There are somethings about this trip I wish I could forget. Like how I complained way more than I should have about being a terrible motorcyclist. I also wouldn’t mind forgetting a few of the crashes I took. But something I never want to forget is the feeling of diving head first into the warmest lake water I’ve ever been in knowing full well that there are crocodiles in the water. That being said, they were just freshies. On Georgies boat we cooked steaks and hot dogs, chugged beers, and for a brief moment forgot all about the road. Kununurra was a beautiful small town with a pretty rugged vibe. Poised at the north eastern mouth of the Gibb, it acts as a gateway guarding the path. The town people took the roll seriously and we were told not once but at least 10 times about the same two deaths that had occurred out in the Kimberly on the Gibb in recent weeks. This only seemed to embolden Axel and Mia’s sense of adventure while I become significantly more nervous about the whole prospect. Driving off into the Australian outback felt more and more like driving off the edge of the world.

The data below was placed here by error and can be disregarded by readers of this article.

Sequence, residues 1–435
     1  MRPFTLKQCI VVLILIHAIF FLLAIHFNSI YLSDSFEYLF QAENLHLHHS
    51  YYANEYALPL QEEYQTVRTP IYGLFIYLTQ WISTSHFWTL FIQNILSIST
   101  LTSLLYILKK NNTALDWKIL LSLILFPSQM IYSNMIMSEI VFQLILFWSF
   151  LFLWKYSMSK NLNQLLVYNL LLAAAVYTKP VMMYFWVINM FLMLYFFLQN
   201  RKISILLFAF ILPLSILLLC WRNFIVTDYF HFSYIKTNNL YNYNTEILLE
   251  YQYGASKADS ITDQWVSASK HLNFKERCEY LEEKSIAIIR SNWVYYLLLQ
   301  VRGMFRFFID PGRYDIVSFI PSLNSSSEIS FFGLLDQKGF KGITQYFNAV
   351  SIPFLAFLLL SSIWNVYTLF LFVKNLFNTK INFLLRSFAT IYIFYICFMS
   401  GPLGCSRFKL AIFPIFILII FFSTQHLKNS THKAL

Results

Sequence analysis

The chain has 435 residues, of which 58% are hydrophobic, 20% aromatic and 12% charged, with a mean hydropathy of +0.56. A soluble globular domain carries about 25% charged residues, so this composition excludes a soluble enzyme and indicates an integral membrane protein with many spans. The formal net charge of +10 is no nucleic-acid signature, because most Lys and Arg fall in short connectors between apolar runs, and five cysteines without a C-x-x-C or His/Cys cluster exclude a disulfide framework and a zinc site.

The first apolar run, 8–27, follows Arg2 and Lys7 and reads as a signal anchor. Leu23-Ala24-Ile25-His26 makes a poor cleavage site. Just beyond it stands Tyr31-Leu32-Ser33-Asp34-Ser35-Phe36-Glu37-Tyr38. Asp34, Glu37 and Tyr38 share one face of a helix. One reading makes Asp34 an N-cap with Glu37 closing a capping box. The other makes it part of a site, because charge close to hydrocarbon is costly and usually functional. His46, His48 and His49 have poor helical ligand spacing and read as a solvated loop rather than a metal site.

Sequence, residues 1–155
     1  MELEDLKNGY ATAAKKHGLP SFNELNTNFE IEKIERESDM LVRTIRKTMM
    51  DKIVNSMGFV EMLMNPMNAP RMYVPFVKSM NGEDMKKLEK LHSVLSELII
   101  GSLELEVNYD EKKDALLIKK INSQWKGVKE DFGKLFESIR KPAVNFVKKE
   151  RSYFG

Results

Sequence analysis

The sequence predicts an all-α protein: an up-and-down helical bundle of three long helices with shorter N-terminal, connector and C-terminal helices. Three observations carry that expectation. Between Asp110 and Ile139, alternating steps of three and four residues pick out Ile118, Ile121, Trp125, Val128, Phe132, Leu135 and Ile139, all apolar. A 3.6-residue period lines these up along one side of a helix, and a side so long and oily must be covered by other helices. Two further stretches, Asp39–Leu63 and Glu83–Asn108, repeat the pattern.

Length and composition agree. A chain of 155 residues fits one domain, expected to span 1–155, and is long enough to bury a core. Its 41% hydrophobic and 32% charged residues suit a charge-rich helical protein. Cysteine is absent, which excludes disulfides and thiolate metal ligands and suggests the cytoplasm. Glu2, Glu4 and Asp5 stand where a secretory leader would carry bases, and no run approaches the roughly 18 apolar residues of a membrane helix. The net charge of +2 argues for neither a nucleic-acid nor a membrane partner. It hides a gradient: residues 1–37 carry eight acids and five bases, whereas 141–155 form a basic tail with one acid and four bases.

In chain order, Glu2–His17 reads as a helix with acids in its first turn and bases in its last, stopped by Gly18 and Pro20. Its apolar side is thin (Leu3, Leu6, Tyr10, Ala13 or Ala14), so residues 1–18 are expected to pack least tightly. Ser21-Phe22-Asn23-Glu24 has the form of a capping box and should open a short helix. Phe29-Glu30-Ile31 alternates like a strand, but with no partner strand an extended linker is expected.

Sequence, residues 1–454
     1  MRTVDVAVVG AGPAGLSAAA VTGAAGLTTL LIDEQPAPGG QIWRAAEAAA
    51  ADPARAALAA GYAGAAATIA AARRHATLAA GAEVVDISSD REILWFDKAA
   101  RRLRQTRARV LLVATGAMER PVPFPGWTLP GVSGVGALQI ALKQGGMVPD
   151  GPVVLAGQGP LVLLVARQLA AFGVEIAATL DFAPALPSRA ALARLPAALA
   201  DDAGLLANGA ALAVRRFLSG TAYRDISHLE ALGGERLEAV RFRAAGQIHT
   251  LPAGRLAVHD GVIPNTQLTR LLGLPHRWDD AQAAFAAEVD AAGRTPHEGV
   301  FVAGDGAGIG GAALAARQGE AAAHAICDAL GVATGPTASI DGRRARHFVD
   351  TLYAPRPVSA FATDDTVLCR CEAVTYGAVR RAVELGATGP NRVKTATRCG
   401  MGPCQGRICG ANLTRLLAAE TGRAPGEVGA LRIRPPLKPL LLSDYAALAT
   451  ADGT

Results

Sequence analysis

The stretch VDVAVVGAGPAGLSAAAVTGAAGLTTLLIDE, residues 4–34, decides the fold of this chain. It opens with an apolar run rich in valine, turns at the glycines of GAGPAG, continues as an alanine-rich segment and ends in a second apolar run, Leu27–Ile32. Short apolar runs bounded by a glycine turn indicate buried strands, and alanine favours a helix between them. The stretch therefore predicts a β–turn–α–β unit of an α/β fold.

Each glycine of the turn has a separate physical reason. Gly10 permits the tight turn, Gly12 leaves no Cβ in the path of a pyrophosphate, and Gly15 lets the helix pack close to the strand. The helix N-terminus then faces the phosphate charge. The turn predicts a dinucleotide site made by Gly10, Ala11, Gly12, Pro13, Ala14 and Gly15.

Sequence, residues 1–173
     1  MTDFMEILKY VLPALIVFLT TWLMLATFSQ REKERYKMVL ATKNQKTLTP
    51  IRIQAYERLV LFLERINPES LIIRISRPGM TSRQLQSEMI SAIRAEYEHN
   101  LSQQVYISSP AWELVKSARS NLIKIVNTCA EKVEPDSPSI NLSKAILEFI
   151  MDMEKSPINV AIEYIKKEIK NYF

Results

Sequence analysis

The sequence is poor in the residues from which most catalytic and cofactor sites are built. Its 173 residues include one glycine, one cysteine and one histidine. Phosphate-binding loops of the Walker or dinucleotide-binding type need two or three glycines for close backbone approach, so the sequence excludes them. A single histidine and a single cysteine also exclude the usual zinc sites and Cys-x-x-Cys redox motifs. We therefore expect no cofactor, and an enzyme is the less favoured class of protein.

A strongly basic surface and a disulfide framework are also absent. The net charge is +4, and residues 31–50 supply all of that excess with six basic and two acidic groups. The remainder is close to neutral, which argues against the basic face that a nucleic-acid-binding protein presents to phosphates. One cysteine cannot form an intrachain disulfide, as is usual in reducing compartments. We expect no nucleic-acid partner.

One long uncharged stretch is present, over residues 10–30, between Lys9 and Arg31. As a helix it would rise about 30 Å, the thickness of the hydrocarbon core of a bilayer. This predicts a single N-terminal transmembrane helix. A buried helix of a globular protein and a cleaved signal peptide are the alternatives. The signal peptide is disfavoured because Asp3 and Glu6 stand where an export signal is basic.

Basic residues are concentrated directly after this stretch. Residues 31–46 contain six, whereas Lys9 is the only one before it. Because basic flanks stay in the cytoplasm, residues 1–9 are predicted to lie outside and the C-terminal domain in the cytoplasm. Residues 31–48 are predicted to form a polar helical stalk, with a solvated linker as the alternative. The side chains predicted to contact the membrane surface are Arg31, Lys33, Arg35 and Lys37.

The day leading up to our departure for the Gibb were perhaps some of my favorite of the trip. We heard more about salties the much larger cousin the freshie, both crocodiles, than we did at any point on the trip. Stories of 15-18fts haunting local docks and boat landings. Tails of idiot tourist getting grabbed after wadding into the rivers unsuspectingly. But although we heard all about them we never did see one, much to my chagrin. Something about a man obsession with the macabre and the deadly would fit nicely here but I think its easy to understand my disappointment with not seeing a salt water croc from afar. It was here in Kununurra were Mia and Ax both fit themselves accordingly with genuine outback hats made from kangaroo and were I copped Ax-Mans OR sunhat, once again, much to my chagrin.